Pease upon a Trencher
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PEAS(E) UPON A TRENCHER  (Pis air an mias). AKA and see "Time I've Lost in Wooing (The)." English, Scottish; Country Dance Tune (2/4 time); Irish, Air. F Major (Raven): G Major (Merryweather & Seattle, O'Flannagan, O'Neill). Standard tuning (fiddle). AB (O'Flannagan, O'Neill): AABB (Merryweather & Seattle, Raven). A trencher is an oblong trough-shaped shallow dish formerly used instead of a plate. The melody appears in a number of musicians’ manuscript copybooks, including those of Henry Beck (1786), John Fife (compiled 1780–1804 in Perthshire, Scotland, and possibly at sea), William Calvert (North Yorkshire, 1812), Oliver White (Conn., 1775), fifer Aaron Thompson (New Jersey, 1777–1782), and Ebenezer Bevens (Middletown, Conn., 1825), among others. In print it can be found in James Aird’s Selection of Scotch, English, Irish and Foreign Airs, vol. 1 (Glasgow, 1782), Neil Stewart’s Select Collection of Scots, English, Irish and Foreign Airs, Jiggs, and Marches (Edinburgh, 1788), and in numerous fife tutors and martial publications of the early 19th century. It was a melody in John O’Keefe’s opera The Poor Soldier (1784). The melody can be heard played by a musical clock of 1798-99, from the shop of famous New Jersey clock-makers Leslie and Williams.
The melody saw martial use as the regulation signal for breakfast and supper, sounded by fifers. It was used for this purpose as early as 1816 when it’s use was identified in a volume called The Martial Music of Camp Dupont, published in Philadelphia. A version of the melody appears in Alvan Robinson’s Massachusetts Collection of Martial Musick, first published in Maine in 1818 (with later editions in 1820 and 1824). It's martial use continued through the American Civil War (c.f. Bruce & Emmett's Drummers and Fifers' Guide, 1862): [It] "Is the signal for breakfast, and it is to be beat at 7 o'clock, or at any other hour set apart for the same. Fifteen minutes before which, the Drummer's Call will be beat by the drummer of the guard."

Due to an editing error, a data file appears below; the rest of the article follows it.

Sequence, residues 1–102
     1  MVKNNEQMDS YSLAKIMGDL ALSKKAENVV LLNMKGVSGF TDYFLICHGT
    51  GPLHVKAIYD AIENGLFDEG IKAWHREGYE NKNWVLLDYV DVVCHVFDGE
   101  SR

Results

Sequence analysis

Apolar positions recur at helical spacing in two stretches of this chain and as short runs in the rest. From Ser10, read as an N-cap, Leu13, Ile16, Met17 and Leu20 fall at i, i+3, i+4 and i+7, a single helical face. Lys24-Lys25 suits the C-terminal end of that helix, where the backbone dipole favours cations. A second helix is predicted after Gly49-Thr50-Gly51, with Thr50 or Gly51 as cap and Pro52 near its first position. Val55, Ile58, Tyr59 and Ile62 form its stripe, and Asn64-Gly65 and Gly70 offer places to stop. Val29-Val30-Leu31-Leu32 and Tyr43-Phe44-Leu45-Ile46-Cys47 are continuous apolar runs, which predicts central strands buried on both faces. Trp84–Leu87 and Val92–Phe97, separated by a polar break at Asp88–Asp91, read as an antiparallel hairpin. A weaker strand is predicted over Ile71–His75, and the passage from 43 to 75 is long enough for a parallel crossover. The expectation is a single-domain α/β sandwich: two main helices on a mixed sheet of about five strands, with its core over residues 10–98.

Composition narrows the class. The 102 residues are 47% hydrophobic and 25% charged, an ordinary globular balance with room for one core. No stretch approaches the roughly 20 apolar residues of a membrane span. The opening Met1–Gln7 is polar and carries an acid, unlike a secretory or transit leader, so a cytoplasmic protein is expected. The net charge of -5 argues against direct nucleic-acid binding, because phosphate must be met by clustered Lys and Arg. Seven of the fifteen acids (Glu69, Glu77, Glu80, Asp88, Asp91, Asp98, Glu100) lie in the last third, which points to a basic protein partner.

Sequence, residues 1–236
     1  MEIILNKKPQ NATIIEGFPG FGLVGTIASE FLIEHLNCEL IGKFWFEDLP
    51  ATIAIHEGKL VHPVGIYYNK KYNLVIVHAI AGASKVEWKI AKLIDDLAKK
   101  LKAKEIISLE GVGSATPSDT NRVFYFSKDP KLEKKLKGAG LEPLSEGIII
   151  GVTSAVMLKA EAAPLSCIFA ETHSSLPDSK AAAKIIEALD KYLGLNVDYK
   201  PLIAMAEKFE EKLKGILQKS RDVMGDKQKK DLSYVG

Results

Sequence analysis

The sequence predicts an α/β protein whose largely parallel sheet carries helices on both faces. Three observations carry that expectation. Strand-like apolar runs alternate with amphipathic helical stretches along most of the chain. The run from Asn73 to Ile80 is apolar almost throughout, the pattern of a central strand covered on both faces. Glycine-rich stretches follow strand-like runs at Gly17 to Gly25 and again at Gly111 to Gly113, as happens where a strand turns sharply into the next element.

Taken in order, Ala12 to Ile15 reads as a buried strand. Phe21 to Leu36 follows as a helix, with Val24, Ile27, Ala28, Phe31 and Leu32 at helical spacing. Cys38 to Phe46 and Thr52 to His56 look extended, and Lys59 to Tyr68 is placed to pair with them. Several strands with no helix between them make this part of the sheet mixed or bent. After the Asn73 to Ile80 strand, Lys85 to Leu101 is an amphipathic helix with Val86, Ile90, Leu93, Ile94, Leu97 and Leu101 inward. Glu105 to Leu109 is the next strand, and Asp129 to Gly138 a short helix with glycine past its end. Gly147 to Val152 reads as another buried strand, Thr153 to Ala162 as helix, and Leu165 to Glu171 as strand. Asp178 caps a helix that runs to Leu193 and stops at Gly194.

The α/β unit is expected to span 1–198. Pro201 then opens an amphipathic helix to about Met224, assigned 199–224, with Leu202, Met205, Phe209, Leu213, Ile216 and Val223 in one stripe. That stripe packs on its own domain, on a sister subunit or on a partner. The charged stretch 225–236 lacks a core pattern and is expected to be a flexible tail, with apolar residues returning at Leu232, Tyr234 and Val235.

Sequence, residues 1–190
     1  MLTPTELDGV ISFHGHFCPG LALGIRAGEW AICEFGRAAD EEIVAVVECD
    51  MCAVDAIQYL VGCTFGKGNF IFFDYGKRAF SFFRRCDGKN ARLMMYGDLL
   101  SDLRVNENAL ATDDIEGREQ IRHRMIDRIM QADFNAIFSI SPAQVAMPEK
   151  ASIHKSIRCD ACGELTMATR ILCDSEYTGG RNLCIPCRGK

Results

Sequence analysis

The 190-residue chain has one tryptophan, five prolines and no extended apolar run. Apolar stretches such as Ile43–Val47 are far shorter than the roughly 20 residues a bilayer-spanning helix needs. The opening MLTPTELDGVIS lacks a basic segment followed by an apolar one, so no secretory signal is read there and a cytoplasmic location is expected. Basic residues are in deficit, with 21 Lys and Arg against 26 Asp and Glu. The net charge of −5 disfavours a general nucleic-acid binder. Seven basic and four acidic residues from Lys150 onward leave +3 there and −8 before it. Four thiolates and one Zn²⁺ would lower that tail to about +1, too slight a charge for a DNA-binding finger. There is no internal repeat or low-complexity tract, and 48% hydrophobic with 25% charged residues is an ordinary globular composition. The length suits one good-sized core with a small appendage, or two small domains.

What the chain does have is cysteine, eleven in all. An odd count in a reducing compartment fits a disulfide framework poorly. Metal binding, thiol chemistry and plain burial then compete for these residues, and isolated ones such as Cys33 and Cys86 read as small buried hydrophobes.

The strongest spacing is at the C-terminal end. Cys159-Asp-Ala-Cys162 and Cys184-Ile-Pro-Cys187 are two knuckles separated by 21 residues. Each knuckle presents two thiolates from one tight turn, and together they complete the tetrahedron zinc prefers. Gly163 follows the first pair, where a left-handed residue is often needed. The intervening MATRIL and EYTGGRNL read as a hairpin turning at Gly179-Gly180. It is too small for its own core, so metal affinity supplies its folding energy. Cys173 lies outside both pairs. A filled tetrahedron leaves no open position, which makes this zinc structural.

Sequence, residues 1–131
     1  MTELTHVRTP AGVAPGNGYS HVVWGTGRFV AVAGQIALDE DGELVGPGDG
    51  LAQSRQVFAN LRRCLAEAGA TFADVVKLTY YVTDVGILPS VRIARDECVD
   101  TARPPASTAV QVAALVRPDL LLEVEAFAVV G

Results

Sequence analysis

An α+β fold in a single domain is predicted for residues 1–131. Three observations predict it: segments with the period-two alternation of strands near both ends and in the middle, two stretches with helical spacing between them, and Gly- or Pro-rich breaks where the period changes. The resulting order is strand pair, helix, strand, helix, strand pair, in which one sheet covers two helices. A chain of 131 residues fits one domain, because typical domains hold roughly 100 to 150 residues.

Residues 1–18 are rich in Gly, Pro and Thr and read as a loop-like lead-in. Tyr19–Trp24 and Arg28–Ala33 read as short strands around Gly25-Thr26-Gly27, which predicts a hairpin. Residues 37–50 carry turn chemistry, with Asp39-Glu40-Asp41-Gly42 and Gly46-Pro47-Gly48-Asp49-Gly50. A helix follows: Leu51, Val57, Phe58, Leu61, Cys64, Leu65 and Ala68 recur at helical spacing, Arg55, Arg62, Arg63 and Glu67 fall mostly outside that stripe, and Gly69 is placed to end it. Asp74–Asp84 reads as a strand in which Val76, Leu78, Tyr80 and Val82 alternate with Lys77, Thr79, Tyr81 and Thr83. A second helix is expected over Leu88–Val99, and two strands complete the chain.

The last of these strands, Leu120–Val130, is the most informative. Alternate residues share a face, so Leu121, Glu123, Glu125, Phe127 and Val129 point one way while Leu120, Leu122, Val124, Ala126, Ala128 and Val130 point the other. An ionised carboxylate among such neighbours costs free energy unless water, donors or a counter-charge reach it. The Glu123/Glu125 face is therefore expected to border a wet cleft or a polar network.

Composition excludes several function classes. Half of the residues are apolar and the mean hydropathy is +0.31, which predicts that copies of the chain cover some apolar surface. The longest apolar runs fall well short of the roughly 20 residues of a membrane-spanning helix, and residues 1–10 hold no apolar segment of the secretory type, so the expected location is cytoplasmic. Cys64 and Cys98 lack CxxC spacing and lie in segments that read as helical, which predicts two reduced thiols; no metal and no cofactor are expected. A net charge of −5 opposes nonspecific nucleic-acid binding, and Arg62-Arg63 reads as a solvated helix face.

Source for notated version: an MS collection by fiddler Lawrence Leadley, 1827–1897 (Helperby, Yorkshrire) [Merryweather & Seattle].
Printed sources: Aird (Selection of Scotch, English, Irish and Foreign Airs, vol. 1), 1782; No. 168, p. 58. Bruce & Emmett (Drummer's and Fifer's Guide), 1862; p. 37. P.M. Haverty (One Hundred Irish Airs, vol. 2), 1858; No. 198, p. 90. Hime (Forty Eight Original Irish Dances), 1804; No. 5. Johnson (Kitchen Musician No. 16: A Further Collection of Dances, Marches, Minuetts and Duetts of the Later 18th Century), 1998; p. 15. Mattson & Walz (Old Fort Snelling: Instruction Book for the Fife), 1974; p. 98. Merryweather & Seattle (The Fiddler of Helperby), 1994; No. 125, p. 65. O'Flannagan (The Hibernia Collection), 1860; p. 25. O'Neill (Music of Ireland: 1850 Melodies), 1903; No. 533, p. 93. Raven (English Country Dance Tunes), 1984; p. 150. Riley (Flute Melodies, vol. 1), 1814; p. 92.